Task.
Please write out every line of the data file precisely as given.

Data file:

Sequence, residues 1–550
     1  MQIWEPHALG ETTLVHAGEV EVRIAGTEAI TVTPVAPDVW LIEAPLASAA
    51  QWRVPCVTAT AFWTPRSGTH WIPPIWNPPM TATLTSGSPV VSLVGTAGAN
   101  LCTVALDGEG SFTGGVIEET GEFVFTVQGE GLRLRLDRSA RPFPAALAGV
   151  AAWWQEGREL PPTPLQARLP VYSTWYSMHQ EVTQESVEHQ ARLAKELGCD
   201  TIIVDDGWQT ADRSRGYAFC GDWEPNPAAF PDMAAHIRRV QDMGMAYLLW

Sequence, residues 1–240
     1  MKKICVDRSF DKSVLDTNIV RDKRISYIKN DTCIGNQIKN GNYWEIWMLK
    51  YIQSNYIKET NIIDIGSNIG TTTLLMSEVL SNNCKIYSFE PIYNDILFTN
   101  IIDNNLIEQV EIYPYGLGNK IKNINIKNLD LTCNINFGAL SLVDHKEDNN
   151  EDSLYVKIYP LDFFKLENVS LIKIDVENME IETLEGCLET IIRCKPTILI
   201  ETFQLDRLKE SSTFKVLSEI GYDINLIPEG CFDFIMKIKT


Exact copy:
Sequence, residues 1–550
     1  MQIWEPHALG ETTLVHAGEV EVRIAGTEAI TVTPVAPDVW LIEAPLASAA
    51  QWRVPCVTAT AFWTPRSGTH WIPPIWNPPM TATLTSGSPV VSLVGTAGAN
   101  LCTVALDGEG SFTGGVIEET GEFVFTVQGE GLRLRLDRSA RPFPAALAGV
   151  AAWWQEGREL PPTPLQARLP VYSTWYSMHQ EVTQESVEHQ ARLAKELGCD
   201  TIIVDDGWQT ADRSRGYAFC GDWEPNPAAF PDMAAHIRRV QDMGMAYLLW

Sequence, residues 1–240
     1  MKKICVDRSF DKSVLDTNIV RDKRISYIKN DTCIGNQIKN GNYWEIWMLK
    51  YIQSNYIKET NIIDIGSNIG TTTLLMSEVL SNNCKIYSFE PIYNDILFTN
   101  IIDNNLIEQV EIYPYGLGNK IKNINIKNLD LTCNINFGAL SLVDHKEDNN
   151  EDSLYVKIYP LDFFKLENVS LIKIDVENME IETLEGCLET IIRCKPTILI
   201  ETFQLDRLKE SSTFKVLSEI GYDINLIPEG CFDFIMKIKT